Hundreds of ancient stone tombs, some made with towering, flattened rocks, have been discovered in Jebel Qurma, a desert region in Jordan that is so desolate that one early explorer called it a land of "dead fire."
Though an abundance of people once called Jebel Qurma home, its climate is now inhospitable, and very few people live there."Except for a short period in the spring, the whole of this country looks like a dead fire — nothing but cold ashes," wrote Group Capt. Lionel Rees, an officer in the British Royal Air Force, in an article he published in 1929 in the journal Antiquity.
Many of the tombs are covered by mounds of stone called cairns, while others are more complex and are called "tower tombs," Peter Akkermans and Merel Brüning, both of Leiden University in the Netherlands, wrote in an article published recently in the journal Near Eastern Archaeology. [See Images of the Stone Tombs at Jebel Qurma]
The tombs are located some distance away from ancient settlements where people once lived. "While the foci of daily living and domestic activity were in secluded areas at the foot of the basaltic uplands or in the deep valleys through which wadis run, it appears that the preferential areas for the disposal of the dead were on the surrounding high plateaus and the summits of the basalt hills," wrote Akkermans, who leads the Jebel Qurma Archaeological Landscape Project, and Brüning.
Tomb robbers have pillaged many of the burials, but archaeologists have been able to retrieve valuable information that provides clues on how human life changed in the region over the course of millennia.
Cycles of life and abandonment?
The team found evidence suggesting that between the late third millennium B.C. and the early first millennium B.C. few people lived in Jebel Qurma. For instance, a cemetery that contains about 50 cairns stopped being used around 4,000 years ago. The "abandonment of the cemetery — and, by association, the places for the corresponding living community — seems to have coincided with the wholesale withdrawal from the Jebel Qurma region," Akkermans and Brüning wrote in the journal article. Recent research reveals that the region was re-inhabited in the early first millennium B.C. by people who did not use pottery, Akkermans said. [In Photos: Ancient Rock Art Found in Jordan's 'Black Desert']
Why people left and then returned to Jebel Qurma about a thousand years later is a mystery, Akkermans said, adding that climate change is one possible reason for their departure and return. "Evidently, climate change or the like came to my mind as well, but at the moment, we simply do not have the data to support or deny this claim. Research into local environmental and climatic conditions is certainly one of my aims for further research in the desert of Jebel Qurma," Akkermans told Live Science.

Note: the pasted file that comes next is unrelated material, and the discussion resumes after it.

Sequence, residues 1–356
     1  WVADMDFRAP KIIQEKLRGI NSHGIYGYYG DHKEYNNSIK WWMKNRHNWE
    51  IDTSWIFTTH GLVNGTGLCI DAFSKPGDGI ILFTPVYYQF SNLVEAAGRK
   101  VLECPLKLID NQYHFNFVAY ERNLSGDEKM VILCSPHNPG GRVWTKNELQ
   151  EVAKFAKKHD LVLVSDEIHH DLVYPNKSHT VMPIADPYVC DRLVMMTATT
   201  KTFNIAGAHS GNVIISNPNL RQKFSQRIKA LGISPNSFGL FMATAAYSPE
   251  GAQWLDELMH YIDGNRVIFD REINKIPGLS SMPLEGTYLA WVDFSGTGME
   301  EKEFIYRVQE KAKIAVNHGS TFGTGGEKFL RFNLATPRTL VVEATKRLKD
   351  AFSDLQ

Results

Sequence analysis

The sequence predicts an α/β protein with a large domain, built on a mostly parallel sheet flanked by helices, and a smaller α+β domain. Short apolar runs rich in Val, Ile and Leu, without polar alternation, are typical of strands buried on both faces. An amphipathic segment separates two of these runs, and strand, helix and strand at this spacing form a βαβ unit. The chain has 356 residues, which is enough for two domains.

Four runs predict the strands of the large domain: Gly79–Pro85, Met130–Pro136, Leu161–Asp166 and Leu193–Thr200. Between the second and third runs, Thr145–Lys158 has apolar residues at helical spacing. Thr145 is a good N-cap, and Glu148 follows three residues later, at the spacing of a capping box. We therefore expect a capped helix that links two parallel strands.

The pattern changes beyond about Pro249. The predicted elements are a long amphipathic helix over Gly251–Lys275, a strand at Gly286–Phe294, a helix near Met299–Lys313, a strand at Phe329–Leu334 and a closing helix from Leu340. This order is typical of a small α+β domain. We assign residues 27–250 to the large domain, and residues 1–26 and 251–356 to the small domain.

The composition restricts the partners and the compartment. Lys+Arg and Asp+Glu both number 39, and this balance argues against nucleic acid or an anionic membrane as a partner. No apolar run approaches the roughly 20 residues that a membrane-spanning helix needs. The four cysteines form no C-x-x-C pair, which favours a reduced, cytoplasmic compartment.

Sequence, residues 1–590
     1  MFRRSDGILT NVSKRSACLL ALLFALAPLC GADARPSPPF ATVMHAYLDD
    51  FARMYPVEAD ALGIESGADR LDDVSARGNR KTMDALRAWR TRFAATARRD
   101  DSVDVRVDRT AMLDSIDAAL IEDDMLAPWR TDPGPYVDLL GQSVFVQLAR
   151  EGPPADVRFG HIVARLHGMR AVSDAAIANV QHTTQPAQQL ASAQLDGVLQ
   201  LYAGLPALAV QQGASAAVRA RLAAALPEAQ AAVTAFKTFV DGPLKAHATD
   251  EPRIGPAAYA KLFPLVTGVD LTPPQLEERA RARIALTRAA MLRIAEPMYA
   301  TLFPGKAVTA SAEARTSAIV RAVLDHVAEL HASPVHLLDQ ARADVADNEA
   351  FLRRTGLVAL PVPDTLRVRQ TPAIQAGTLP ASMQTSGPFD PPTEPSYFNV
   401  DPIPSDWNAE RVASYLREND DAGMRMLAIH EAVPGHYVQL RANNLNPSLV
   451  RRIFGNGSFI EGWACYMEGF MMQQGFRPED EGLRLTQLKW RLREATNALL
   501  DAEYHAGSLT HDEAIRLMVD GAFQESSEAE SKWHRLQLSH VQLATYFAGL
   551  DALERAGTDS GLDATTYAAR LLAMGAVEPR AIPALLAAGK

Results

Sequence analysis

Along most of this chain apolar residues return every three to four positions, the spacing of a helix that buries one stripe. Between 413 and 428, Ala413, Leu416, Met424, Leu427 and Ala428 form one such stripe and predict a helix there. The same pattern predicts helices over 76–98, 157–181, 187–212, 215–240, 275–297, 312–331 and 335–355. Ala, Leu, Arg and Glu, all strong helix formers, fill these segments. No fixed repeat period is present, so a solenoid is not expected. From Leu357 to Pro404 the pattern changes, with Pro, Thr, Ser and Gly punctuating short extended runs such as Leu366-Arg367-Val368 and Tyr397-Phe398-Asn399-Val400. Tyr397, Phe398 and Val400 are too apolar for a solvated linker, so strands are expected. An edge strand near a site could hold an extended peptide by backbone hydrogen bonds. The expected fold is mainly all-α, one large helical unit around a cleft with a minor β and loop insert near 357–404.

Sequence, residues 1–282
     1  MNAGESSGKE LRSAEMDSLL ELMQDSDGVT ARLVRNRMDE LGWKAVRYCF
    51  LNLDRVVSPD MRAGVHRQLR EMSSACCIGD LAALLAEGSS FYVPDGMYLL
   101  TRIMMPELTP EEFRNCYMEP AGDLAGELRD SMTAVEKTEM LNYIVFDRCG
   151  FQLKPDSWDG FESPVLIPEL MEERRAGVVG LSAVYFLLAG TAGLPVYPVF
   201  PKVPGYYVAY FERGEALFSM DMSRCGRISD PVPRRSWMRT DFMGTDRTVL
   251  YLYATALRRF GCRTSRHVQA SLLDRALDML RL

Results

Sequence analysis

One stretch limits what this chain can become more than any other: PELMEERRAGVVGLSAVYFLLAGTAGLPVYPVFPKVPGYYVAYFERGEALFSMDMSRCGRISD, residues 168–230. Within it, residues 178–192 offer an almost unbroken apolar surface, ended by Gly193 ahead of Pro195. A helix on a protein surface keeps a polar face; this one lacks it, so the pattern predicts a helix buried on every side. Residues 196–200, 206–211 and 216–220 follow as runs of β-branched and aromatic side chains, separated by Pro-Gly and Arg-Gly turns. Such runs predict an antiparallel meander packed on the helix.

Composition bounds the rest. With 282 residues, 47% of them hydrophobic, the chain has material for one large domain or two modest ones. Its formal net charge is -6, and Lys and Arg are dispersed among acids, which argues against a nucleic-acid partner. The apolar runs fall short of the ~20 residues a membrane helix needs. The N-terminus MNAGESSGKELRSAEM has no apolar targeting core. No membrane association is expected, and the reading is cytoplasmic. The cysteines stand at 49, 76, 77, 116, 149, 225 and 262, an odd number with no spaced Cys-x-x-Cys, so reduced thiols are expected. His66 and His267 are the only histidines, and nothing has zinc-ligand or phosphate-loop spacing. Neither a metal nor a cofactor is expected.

Another possibility is that people were living in Jebel Qurma during that gap in the archaeological record but their remains have yet to be found. Until very recently, it was believed that people did not return to Jebel Qurma until the mid or late first millennium B.C.; now archaeologists know that people were living in the region during the early first millennium B.C., Akkermans said. Perhaps people didn't return to Jebel Qurma "because they did not leave," Akkermans told Live Science.
In the late first millennium B.C., people living in this desert began building a type of tomb that was larger and harder to construct. Some of these tower tombs were constructed with stones that weigh 660 pounds (300 kilograms), Akkermans and Brüning noted in the journal article.
The tower tombs are "up to 5 meters [16 feet] in diameter and 1.5 meters [5 feet] high, which differ from the other cairns by their distinct tower-like shape and their clear, straight facade made of large, flattened basalt slabs," wrote Akkermans and Brüning.
Initially, Akkermans thought that the tower tombs were built for elite members of society, but the recent discovery of large numbers of tower tombs shows that this idea is wrong.
Recent fieldwork "made clear that these tower tombs are not exceptional, but quite common in the Jebel Qurma region and the desert at large," Akkermans told Live Science, adding that "they do not seem to be restricted to specific members of society in antiquity." Why the tower tombs appeared is "not yet fully understand."
Original article on Live Science.
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Owen Jarus is a regular contributor to Live Science who writes about archaeology and humans' past. He has also written for The Independent (UK), The Canadian Press (CP) and The Associated Press (AP), among others. Owen has a bachelor of arts degree from the University of Toronto and a journalism degree from Ryerson University.